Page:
‘Baby steps’ for Blinken as he tries to revive US-China ties

Top US diplomat holds talks with Wang Yi in Beijing amid reports he might also meet President Xi Jinping.

United States Secretary of State Antony Blinken has met China’s top diplomat Wang Yi in Beijing as the two countries take steps to repair their strained relationship.

The duo posed for a photo on Monday at Beijing’s Diaoyutai State Guesthouse before heading into diplomatic talks.

In a statement following the discussions, it appeared Wang had taken a more combative line than that of Foreign Minister Qin Gang who held more than seven and a half hours of talks with the US secretary of state on Sunday.

The Chinese foreign ministry said Wang had told Blinken that relations between the two countries were at a “critical juncture” and that he needed to make a dialogue or confrontation, cooperation or conflict.

Wang blamed the US for the problems between the two countries and stressed that Taiwan, a self-ruled democratic island that Beijing claims as its own, was its “core interest” and that there was “no room” for compromise.

Blinken struck a more conciliatory tone, stressing the need for open channels of communication to ensure “competition does not veer into conflict”.

It is still unclear if Blinken will meet Chinese President Xi Jinping later in the day before he concludes his two-day trip to the country and flies to London.

Blinken is the most senior US official to visit China since 2019, thanks in part to strict COVID-19 travel restrictions. The visit follows several months of increased contact between top US and Chinese officials abroad and by virtual meeting, amid concerns on both sides over the deterioration in relations over issues from Taiwan to semiconductors and human rights.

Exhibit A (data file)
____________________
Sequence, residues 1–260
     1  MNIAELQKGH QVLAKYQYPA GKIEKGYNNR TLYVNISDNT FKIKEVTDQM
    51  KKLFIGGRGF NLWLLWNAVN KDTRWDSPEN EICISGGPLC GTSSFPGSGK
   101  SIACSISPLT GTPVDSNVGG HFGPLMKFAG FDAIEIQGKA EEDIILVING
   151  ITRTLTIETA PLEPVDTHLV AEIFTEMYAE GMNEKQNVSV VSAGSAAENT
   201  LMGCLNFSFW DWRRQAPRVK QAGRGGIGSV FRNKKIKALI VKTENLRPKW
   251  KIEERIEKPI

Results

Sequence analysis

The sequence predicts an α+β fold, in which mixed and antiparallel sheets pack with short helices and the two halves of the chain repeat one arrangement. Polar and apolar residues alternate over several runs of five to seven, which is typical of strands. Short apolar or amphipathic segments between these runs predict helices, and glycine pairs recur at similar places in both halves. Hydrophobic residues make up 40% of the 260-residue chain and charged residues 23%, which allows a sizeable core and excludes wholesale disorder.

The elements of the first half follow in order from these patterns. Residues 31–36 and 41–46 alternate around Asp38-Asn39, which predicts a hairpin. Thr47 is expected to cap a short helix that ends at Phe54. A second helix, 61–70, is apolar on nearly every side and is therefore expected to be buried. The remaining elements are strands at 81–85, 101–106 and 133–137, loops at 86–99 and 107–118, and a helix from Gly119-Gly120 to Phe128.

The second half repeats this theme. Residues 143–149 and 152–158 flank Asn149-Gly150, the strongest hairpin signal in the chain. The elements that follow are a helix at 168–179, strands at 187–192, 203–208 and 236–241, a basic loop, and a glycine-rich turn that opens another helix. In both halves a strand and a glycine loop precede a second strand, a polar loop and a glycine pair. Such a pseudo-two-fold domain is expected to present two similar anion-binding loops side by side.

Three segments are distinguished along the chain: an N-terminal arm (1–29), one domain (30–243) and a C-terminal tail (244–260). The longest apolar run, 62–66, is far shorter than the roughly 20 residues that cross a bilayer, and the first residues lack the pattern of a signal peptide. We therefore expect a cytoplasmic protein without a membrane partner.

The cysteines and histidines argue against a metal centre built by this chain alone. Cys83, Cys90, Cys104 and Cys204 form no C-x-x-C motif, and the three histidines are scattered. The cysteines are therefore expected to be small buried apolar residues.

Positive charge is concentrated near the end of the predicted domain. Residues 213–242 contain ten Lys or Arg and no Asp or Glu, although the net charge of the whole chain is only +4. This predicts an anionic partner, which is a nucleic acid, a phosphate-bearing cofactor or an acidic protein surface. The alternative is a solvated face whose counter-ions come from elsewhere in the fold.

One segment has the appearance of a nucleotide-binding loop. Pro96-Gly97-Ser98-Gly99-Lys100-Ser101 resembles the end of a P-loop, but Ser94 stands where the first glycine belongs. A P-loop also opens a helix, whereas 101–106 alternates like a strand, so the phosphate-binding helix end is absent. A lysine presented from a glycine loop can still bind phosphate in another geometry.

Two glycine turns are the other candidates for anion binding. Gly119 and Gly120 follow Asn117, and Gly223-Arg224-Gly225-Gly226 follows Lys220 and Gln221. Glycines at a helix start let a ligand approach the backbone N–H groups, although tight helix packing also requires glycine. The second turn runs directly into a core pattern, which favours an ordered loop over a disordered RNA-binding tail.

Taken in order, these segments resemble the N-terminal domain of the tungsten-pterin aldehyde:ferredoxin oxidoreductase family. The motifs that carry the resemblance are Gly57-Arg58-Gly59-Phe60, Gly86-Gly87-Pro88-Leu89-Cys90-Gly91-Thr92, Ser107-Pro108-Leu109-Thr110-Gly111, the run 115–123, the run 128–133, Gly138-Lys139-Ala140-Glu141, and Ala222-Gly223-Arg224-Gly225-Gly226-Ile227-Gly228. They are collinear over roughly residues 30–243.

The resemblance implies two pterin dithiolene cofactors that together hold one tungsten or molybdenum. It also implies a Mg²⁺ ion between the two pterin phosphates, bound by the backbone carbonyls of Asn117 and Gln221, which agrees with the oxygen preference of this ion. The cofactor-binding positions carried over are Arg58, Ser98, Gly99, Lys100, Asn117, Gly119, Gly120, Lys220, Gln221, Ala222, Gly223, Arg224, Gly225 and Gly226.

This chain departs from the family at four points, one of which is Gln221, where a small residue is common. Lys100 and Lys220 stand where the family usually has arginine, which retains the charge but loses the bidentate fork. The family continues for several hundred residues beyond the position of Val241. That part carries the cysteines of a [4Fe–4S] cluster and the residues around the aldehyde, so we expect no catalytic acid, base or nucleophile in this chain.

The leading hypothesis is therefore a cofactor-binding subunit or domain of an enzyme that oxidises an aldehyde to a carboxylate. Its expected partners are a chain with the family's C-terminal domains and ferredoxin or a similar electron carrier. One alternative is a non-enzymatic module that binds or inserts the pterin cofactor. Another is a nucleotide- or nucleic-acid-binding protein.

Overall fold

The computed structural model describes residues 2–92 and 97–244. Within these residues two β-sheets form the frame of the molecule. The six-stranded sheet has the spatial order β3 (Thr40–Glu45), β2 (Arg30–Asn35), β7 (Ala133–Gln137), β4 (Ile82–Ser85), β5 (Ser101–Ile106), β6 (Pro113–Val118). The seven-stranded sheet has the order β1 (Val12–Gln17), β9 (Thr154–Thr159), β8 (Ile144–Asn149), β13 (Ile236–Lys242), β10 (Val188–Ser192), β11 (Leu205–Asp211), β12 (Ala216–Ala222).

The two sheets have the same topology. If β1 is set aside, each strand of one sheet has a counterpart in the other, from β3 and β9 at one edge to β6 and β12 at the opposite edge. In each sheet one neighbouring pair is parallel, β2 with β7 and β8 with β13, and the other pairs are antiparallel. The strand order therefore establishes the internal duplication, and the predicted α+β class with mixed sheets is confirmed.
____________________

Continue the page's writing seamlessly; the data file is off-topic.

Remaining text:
The secretary of state, who was originally set to visit Beijing in February until the discovery of an alleged Chinese spy balloon flying over the US, arrived on Sunday and spent most of the day with Qin Gang.

The US State Department described the talks as a “candid, substantive, and constructive” effort to maintain “open channels of communication” as Blinken invited Qin Gang to the US on a follow-up trip to maintain high-level contact between Chinese and American officials.

The Chinese readout of the meeting was also largely positive and said both sides agreed to increase commercial flights between China and the US as well as encourage more people-to-people exchanges through student, academic and business groups.

It also mentioned Xi and US President Joe Biden’s meeting in Bali last year, when both leaders promised to take more concrete action to improve communication.

While Blinken’s trip has so far been largely symbolic, it does appear to have gone better than the relatively pessimistic expectations around it had suggested, said Bonnie Glaser, the managing director of the German Marshall Fund’s Indo-Pacific Program.

“Given the deep mistrust in the relationship, so far the visit has gone better than I expected. There was zero chance of a breakthrough. We can only hope for baby steps toward a new modus vivendi in the relationship,” she told Al Jazeera by email.

Biden said over the weekend that he hopes to meet Xi again in the coming months, an event that would probably take place at the annual summit of the Asia-Pacific Economic Cooperation (APEC) grouping in California later this year.